More remediation to help housing shortage

More remediation work will have to take place on brownfield sites to stop the UK's growing housing shortage.

According to The Concrete Centre the UK's population will grow from 61m to 71.6m by 2033 and as a result brownfield sites previously judged to be too contaminated will have to be brought back into use.

Currently, brownfield sites make up to 70% of new homes and to avoid building on greenbelt land this will need to be increased.

The Concrete Centre also believes the use of 'cementitious' material for the solidification/stabilisation (S/S) of brownfield sites will increase as the UK deals with cutting landfill and uses less polluting materials.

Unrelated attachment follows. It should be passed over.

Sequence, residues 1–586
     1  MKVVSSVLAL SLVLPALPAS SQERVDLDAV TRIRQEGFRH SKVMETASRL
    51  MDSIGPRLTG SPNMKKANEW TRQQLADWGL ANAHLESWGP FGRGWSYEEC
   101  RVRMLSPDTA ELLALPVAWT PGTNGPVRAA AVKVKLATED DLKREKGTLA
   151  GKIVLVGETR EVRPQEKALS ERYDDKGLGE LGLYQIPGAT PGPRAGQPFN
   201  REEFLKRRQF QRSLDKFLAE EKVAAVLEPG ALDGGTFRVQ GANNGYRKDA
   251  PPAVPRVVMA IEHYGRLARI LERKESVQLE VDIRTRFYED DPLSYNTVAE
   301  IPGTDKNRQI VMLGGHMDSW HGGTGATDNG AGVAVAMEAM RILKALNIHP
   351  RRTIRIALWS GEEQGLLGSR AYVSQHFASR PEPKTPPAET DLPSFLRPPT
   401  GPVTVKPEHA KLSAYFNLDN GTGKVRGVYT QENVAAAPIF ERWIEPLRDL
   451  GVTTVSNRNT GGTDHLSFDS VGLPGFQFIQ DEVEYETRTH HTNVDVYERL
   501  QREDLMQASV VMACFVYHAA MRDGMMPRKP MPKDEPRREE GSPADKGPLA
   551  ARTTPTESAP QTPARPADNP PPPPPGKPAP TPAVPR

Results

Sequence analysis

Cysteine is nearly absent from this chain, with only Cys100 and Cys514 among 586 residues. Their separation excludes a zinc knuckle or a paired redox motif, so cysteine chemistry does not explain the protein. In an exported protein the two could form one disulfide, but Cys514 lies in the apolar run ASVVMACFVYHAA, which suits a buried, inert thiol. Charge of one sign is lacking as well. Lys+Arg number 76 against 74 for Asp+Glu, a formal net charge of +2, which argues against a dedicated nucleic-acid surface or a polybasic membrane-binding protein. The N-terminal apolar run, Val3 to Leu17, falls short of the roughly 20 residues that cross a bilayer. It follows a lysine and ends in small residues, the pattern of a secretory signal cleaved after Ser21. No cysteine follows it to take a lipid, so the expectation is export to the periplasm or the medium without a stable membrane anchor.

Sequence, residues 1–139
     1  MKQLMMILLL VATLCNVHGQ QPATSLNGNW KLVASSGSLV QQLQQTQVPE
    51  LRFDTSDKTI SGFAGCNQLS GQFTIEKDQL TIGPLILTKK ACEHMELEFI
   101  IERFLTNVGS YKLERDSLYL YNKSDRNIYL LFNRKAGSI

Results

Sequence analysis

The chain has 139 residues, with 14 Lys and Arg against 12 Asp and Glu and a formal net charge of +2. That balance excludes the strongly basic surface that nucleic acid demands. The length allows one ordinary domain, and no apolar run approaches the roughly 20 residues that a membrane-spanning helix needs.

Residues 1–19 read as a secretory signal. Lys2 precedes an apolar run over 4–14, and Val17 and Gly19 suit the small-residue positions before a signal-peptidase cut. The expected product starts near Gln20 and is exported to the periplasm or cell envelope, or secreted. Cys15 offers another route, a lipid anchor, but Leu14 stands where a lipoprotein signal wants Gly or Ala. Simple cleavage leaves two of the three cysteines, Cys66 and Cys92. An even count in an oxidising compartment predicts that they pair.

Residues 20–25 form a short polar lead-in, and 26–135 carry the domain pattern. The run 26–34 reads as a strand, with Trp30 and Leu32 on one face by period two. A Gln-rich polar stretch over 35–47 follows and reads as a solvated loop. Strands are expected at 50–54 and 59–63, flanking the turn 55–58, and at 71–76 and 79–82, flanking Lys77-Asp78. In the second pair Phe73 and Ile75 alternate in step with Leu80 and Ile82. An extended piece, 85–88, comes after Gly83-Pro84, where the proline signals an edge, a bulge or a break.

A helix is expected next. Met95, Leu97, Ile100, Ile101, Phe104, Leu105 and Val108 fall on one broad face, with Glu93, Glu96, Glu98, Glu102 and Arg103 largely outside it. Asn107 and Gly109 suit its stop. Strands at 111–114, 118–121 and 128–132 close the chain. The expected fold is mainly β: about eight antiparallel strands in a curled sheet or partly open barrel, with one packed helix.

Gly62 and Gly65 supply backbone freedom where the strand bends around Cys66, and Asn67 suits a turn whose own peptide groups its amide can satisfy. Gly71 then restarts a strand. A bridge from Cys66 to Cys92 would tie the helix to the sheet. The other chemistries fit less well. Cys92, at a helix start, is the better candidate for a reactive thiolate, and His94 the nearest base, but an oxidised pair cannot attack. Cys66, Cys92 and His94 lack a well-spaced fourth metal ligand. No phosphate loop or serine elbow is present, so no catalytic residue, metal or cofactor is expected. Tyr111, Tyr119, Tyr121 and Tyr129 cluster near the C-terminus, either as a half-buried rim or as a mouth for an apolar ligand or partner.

The centre's head of civil engineering, Alan Bromage, said: "The need to provide homes for the UK's predicted population growth will force councils and developers to review up-to-date technology such as S/S in order to examine the potential of sites previously judged too difficult to be brought back into use.

"Using readily available binders such as cement, lime, fly ash or ground granulated blast furnace slag (ggbs), stabilisation treats the contaminants in the soil to produce a form that is less toxic and less available to the surrounding environment.

"Solidification involves the improvement of the physical properties of the stabilised medium to form an engineered soil."

Luke Walsh


consultation | building materials | hazardous waste


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